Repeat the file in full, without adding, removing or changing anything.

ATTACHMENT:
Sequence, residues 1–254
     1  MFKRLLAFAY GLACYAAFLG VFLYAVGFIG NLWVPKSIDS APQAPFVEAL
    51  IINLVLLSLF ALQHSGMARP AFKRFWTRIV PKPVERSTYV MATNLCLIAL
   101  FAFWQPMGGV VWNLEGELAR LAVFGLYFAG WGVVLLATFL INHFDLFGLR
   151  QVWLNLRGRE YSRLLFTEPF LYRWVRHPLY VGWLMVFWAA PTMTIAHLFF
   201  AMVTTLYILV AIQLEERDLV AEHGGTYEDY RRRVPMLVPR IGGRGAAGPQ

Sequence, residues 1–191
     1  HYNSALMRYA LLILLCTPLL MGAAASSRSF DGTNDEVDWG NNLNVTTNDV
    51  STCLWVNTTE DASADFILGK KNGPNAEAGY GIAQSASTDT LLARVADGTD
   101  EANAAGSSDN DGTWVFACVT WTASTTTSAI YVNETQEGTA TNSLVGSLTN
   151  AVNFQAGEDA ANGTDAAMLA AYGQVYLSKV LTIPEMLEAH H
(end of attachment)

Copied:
Sequence, residues 1–254
     1  MFKRLLAFAY GLACYAAFLG VFLYAVGFIG NLWVPKSIDS APQAPFVEAL
    51  IINLVLLSLF ALQHSGMARP AFKRFWTRIV PKPVERSTYV MATNLCLIAL
   101  FAFWQPMGGV VWNLEGELAR LAVFGLYFAG WGVVLLATFL INHFDLFGLR
   151  QVWLNLRGRE YSRLLFTEPF LYRWVRHPLY VGWLMVFWAA PTMTIAHLFF
   201  AMVTTLYILV AIQLEERDLV AEHGGTYEDY RRRVPMLVPR IGGRGAAGPQ

Sequence, residues 1–191
     1  HYNSALMRYA LLILLCTPLL MGAAASSRSF DGTNDEVDWG NNLNVTTNDV
    51  STCLWVNTTE DASADFILGK KNGPNAEAGY GIAQSASTDT LLARVADGTD
   101  EANAAGSSDN DGTWVFACVT WTASTTTSAI YVNETQEGTA TNSLVGSLTN
   151  AVNFQAGEDA ANGTDAAMLA AYGQVYLSKV LTIPEMLEAH H